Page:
Submissions for and against the Crudine Ridge Wind Farm near Pyramul have been published online one month after a public meeting on the divisive proposal.
The Planning Assessment Commission received 68 written submissions from nearby residents and interest groups on the 77 wind turbine farm that was recommended for approval by the Department of Planning and Environment in December last year.
The independent body will consider the submissions ahead of its determination with a date yet to be set.
The majority of submissions were read to the commission at the Pyramul meeting on February 10.
Among the 23 speakers who addressed the PAC members were landowners like Brendan Cole who will host the 160-metre high turbines.
“This will be a windfall for me, providing ongoing financial incentive, an opportunity that comes only once in a lifetime,” Mr Cole said in his submission.
“It will give me the ability to improve the infrastructure on my farm and improve my management and lifestyle. It will enable me to employ more labour on my property to achieve the improvements I need.”
He said the project is the community’s “contribution to slowing climate change” that will accommodate farming unlike coal mining.
Penny Hundy will see 30 53 story high turbines from her kitchen window.
“As a non-involved landowner who completely objects to this project, ‘moderate’ visual impacts, that is the second highest possible level, should be considered as unacceptable,” her submission said.
“I believe further wind turbines need to be removed until ‘non-involved’ landowners are subjected to no more than ‘low’ visual impacts.”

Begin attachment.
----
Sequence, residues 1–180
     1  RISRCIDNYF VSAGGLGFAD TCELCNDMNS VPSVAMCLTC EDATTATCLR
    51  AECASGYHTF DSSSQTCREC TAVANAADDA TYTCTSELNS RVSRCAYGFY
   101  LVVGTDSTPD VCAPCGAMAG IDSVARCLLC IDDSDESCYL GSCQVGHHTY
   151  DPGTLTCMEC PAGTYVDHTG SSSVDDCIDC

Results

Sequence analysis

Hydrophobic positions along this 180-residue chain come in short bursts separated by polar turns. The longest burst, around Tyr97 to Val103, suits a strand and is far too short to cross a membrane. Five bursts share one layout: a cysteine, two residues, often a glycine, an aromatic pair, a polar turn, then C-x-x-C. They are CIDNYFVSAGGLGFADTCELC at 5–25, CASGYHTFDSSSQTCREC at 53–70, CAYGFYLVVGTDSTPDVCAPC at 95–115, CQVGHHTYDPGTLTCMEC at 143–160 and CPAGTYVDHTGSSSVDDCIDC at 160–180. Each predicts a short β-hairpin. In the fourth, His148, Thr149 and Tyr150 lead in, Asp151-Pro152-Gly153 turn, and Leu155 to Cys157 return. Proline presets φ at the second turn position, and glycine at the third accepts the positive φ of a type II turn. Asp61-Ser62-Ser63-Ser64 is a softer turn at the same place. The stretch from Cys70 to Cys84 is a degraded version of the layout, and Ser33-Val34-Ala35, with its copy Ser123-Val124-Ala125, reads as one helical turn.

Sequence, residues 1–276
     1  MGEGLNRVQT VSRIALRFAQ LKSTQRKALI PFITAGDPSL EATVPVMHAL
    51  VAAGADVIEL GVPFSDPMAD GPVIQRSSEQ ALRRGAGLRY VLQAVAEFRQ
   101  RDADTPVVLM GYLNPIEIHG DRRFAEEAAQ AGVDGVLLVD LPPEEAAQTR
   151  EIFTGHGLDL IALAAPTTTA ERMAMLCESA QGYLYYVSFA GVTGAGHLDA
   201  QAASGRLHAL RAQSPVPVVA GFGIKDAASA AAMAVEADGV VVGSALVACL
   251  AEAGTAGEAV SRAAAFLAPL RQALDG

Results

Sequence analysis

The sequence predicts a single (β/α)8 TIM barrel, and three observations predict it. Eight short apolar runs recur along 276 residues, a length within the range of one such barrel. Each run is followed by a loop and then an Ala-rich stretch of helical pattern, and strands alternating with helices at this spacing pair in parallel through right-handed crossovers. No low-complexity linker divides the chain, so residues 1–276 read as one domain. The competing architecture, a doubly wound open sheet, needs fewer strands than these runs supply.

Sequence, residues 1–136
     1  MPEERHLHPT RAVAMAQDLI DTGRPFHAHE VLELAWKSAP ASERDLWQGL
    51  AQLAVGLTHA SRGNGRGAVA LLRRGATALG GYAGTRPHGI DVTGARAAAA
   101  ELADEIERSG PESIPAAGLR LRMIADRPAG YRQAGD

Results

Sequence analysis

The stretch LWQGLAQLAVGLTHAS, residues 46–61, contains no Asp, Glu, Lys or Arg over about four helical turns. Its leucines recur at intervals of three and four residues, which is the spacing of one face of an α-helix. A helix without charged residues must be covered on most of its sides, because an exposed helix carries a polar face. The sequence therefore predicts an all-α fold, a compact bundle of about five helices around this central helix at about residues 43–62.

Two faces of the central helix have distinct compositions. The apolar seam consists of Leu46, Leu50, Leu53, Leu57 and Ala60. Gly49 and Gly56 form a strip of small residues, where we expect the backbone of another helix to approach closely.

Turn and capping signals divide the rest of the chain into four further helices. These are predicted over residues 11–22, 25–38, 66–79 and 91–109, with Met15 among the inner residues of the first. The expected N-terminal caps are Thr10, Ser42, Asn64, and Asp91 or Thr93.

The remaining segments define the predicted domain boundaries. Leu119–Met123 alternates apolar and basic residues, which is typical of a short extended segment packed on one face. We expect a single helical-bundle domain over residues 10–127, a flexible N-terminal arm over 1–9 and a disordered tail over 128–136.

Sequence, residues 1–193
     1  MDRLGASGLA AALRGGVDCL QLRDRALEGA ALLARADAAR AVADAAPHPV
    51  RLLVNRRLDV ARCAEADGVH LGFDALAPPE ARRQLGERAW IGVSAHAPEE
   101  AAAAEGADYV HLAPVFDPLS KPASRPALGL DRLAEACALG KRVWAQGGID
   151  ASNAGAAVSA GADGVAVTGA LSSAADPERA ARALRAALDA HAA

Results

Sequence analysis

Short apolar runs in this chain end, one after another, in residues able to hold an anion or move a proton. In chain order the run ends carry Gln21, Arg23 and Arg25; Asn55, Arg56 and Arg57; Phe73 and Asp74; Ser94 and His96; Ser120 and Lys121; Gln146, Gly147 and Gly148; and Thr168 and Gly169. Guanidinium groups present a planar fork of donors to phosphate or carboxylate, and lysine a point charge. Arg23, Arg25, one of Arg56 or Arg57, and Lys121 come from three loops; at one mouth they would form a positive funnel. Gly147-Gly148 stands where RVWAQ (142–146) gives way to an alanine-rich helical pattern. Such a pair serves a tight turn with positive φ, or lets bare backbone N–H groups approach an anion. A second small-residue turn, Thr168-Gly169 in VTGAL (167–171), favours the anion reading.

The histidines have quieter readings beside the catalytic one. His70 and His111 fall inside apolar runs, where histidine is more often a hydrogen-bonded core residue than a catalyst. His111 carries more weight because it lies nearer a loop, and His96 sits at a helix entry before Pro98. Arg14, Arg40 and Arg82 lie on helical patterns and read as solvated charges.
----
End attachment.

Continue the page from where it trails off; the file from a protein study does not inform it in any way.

Others have reported inaccurate mapping by the developer that has resulted in incorrect noise and visual impact estimations.
At least 24 turbines from the Sallys Flat cluster will be seen from Alicia Hawkins’ parents’ property – classified as ‘high visual impact’.
“My parents will be able to view from their home further turbines from the Pyramul cluster, which has not been discussed in any reports regarding this wind farm. Without an accurate presentation of predicted visual impact from the property, both the Department of Planning and Environment and my parents are unable to achieve a full understanding of the impact of the proposed turbines on this property, both visually and financially through loss of property value.”
Tim Rowland-Jones is building a house on his property but said he has never been contacted with the developer.
He said noise estimations had been done for a residence on his property that does not exist and is “not even remotely close to where the actual house is to be built”.
“We have been supplied with false and misleading information, led to believe in something that is not to be the case,” he said in his submission. “I believe this project must be at least suspended until all of the local residents who will be directly impacted by this have at least been consulted, are provided with correct and accurate information and more importantly are considered.”
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